|Authors: ||S. Dabirian, C.A. Miles|
Whole article as Abstract
Grafting vegetable plants onto specific rootstocks that are resistant to soilborne diseases is a unique horticultural technology attracting interest among intensive vegetable crop producers as well as organic growers in many parts of the world.
Grafting often represents the only feasible measure to control a diversity of problems such as soilborne disease and saline soil conditions.
In this poster presentation we provide an overview of the steps for grafting cucurbit plants, particularly watermelon, using the one-cotyledon method.
The optimal stage of growth for grafting watermelon is the 1- to 2-true-leaf stage for the scion and the 1-true-leaf stage for the rootstock.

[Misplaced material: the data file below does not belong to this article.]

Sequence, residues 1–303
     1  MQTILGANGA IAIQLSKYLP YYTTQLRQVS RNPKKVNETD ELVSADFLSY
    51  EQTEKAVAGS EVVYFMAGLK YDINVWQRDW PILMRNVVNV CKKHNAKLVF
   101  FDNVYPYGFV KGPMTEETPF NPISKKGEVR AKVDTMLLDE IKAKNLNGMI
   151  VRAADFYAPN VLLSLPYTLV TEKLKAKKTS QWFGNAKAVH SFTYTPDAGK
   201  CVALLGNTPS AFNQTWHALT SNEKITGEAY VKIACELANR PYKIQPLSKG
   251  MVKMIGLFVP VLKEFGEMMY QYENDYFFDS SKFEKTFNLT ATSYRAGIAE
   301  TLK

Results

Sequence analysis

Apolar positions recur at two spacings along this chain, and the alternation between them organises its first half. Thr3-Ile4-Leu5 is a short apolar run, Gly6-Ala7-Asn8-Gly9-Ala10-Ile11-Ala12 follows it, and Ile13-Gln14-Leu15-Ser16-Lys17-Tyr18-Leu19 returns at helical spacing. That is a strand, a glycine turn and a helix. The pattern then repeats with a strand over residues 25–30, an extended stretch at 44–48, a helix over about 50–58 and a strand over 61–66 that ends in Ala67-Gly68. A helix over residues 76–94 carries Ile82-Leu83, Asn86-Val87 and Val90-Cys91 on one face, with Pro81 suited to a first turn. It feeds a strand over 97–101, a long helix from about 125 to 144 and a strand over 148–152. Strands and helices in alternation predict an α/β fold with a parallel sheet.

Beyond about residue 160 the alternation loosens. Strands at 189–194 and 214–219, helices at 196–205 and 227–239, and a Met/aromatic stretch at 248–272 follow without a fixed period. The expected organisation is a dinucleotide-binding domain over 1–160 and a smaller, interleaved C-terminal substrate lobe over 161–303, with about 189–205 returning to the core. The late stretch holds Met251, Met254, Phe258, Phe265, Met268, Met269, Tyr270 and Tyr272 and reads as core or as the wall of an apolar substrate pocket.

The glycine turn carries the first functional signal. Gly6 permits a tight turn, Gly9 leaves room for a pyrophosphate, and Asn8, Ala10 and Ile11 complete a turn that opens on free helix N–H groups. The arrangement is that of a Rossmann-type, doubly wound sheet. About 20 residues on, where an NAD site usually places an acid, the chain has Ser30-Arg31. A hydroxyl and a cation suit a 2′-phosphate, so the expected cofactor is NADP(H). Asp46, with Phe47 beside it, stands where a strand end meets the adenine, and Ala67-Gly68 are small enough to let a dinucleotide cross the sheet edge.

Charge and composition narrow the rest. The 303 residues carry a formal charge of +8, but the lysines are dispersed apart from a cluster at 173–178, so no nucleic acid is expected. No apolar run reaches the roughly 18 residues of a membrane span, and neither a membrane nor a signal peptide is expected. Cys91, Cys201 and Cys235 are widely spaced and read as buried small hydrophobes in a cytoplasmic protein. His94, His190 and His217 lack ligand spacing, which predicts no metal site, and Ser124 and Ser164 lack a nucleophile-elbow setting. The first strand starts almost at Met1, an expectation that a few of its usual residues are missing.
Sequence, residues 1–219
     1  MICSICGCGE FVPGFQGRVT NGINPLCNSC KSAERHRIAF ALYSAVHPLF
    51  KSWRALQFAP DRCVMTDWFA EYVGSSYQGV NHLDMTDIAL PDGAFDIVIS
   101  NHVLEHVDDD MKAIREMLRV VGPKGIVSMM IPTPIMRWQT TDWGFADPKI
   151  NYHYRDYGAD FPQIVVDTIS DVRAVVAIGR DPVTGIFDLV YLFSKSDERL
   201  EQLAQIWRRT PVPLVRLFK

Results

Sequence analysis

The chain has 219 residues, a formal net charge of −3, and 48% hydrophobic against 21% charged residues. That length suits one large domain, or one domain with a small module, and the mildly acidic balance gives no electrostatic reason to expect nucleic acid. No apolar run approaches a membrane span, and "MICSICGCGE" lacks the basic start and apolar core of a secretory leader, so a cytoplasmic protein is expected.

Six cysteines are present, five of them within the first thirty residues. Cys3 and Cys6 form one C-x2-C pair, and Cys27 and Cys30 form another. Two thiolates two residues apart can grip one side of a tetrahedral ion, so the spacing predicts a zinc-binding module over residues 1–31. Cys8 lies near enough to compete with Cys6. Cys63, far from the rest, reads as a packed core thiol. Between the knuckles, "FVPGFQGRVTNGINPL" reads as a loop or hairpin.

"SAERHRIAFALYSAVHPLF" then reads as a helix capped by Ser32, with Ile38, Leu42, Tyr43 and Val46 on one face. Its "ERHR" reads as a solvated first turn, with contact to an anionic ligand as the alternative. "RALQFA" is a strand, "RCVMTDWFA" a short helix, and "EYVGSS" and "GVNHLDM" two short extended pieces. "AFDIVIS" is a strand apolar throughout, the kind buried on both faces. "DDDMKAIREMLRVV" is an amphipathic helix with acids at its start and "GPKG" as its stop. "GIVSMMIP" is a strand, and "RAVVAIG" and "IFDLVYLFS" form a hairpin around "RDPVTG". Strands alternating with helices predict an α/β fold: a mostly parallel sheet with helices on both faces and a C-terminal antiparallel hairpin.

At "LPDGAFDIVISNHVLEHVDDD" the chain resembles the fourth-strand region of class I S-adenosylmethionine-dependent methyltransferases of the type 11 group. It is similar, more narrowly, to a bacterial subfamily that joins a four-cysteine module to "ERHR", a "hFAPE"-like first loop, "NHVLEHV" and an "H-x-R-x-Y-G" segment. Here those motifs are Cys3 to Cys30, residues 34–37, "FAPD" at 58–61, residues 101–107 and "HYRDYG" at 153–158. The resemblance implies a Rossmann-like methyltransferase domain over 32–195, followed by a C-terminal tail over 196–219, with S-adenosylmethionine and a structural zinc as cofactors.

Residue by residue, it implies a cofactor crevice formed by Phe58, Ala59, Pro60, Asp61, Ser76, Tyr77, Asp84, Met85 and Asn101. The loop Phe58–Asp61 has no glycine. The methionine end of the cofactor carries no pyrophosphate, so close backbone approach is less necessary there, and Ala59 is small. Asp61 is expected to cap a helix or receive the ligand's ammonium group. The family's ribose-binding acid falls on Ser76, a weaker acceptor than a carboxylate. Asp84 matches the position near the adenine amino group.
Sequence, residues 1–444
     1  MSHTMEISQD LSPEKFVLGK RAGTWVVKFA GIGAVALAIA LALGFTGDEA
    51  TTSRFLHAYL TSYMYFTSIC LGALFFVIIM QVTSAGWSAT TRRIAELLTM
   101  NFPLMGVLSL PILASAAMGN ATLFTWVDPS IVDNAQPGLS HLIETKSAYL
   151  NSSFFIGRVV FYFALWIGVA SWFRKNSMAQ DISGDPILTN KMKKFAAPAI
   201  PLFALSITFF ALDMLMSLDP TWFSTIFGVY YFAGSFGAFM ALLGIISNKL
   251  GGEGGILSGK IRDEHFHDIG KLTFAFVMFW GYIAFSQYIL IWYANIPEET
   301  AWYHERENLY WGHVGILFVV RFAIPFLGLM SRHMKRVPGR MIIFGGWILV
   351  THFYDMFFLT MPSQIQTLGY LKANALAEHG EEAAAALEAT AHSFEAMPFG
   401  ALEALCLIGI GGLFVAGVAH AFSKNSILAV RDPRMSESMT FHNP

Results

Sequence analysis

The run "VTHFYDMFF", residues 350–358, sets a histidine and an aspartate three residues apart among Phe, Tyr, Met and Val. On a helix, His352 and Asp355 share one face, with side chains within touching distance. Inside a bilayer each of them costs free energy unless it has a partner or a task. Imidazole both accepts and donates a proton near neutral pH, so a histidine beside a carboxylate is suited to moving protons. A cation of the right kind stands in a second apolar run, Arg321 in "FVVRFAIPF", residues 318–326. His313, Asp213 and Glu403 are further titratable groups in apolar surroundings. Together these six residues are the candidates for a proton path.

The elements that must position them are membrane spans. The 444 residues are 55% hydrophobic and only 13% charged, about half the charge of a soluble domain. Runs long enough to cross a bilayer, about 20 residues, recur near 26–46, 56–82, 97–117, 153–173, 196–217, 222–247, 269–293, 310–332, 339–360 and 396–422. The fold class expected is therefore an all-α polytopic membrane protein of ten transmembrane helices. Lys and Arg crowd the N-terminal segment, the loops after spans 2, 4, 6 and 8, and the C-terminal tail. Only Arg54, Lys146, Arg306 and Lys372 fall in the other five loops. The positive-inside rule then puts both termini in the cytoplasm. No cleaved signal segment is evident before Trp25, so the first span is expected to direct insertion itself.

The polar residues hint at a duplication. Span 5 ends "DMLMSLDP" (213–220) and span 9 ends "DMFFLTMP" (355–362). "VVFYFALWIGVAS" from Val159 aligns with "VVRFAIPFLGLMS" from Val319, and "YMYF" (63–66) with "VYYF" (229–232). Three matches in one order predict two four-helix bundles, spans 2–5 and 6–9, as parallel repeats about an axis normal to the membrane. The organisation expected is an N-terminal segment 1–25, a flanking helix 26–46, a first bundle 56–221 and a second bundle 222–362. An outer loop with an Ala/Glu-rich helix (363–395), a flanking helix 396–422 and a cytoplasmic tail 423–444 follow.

Also included is a 9-day healing regimen which is appropriate for watermelon in western Washington conditions and has 90% survival for grafted watermelon transplants.
Our future goal is to conduct more research to further optimize the success rate for grafting watermelon transplants, such as applying antitranspirants to reduce water loss and utilizing the splice grafting method to eliminate rootstock regrowth.
Additionally, we will test grafted plants to control Verticillium wilt caused by Verticillium dahliae in Washington.
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